AstraZeneca Canada Inc. v. Apotex Inc., 2016 FCA 194

AstraZeneca has appealed a decision on its motion seeking to vary a judgment in a decision on the merits of a section 8 case. Damages were awarded to Apotex pursuant to s. 8 of the Patented Medicines (Notice of Compliance) Regulations. In that proceeding, AstraZeneca raised the defence that no damages should be awarded because Apotex infringed an AstraZeneca patent. That defence was rejected. However, the Judge held: "...A Court hearing the pending infringement action, if it concludes that the patent is valid and has been infringed by Apotex in making the omeprazole drug that is the subject of these proceedings, can at that time craft a remedy that is appropriate, having in mind any compensation awarded in these proceedings." (para 148, decision hereaffirmed on appeal here).

The Court below dismissed the motion to vary, holding that the "only thing that has now happened is that the 'might happen' scenario considered by me and the Court of Appeal has become a reality. That makes no difference. The 'reality' has already been considered and a determination made. Nothing changes." The FCA agreed with this reasoning.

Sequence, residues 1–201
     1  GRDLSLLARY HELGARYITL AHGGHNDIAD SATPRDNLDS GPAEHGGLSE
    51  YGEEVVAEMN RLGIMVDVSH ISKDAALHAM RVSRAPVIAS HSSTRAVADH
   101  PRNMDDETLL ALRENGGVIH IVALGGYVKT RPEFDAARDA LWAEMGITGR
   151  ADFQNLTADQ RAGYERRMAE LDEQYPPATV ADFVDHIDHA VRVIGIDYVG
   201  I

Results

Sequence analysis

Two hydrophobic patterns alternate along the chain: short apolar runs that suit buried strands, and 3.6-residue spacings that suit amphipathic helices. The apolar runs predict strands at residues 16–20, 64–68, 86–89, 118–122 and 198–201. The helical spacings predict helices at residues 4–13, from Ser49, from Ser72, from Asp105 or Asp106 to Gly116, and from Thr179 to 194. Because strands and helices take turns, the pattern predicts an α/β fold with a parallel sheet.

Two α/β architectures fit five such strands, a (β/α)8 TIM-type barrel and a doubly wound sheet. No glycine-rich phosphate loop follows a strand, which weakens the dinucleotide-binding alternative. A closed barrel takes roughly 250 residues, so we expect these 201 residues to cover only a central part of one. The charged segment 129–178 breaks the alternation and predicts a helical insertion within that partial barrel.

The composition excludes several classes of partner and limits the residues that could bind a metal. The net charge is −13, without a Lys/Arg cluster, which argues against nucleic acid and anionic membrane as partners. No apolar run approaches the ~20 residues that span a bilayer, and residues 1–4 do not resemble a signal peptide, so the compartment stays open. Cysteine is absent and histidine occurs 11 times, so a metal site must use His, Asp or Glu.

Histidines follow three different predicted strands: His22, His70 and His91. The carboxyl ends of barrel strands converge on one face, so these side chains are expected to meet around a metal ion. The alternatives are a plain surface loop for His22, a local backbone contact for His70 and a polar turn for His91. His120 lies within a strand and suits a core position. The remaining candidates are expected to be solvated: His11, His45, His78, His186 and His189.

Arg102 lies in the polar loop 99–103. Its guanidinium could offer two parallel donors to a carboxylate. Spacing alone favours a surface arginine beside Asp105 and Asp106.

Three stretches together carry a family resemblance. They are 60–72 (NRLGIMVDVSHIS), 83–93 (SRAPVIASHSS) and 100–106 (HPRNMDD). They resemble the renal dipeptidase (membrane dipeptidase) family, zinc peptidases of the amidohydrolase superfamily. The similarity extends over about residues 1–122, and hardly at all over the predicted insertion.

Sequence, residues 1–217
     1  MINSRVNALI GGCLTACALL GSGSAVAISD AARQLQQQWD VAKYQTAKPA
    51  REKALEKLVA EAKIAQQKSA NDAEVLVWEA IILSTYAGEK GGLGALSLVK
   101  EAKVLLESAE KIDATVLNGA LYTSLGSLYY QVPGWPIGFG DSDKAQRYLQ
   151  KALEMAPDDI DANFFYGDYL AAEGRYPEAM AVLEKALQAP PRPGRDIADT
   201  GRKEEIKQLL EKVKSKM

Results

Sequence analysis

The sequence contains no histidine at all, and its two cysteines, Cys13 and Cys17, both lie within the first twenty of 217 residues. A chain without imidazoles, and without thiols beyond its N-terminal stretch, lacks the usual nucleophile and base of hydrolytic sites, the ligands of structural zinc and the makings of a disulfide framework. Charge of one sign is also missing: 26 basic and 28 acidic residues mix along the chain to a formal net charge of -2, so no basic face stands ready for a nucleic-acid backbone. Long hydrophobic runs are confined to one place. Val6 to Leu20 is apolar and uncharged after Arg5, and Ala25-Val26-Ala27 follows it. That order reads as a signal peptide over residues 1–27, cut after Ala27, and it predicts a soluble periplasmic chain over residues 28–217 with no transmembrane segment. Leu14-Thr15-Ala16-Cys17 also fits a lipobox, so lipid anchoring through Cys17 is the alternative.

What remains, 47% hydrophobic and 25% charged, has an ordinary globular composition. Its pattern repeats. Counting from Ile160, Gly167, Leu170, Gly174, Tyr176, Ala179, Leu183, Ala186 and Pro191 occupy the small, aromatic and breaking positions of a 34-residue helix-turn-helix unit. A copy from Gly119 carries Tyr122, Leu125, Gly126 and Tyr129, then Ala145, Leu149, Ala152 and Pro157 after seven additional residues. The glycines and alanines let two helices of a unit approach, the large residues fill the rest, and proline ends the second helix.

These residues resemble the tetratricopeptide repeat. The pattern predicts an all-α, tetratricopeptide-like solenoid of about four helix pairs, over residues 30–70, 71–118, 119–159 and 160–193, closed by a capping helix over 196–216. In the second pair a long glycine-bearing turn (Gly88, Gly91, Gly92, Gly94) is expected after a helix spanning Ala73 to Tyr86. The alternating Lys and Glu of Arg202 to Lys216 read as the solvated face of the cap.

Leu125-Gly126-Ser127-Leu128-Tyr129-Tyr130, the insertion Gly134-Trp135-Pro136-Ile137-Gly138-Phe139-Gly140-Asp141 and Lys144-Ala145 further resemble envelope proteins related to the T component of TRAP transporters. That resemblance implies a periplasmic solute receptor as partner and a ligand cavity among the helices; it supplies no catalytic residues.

The Court below also held that the proper venue for AstraZeneca's motion was the FCA because the FCA had upheld the trial decision. The FCA disagreed with this finding, holding that the person best placed to decide whether newly discovered matters would have affected the original judgment is the original decision maker.

The FCA reiterated the difficulties that ensue when inconsistent findings are made in parallel infringement and s. 8 proceedings, and repeated a previous FCA statement that it will be up to the judge hearing the infringement action to ensure that a party is compensated, on proper principles for a provable loss, no more and no less.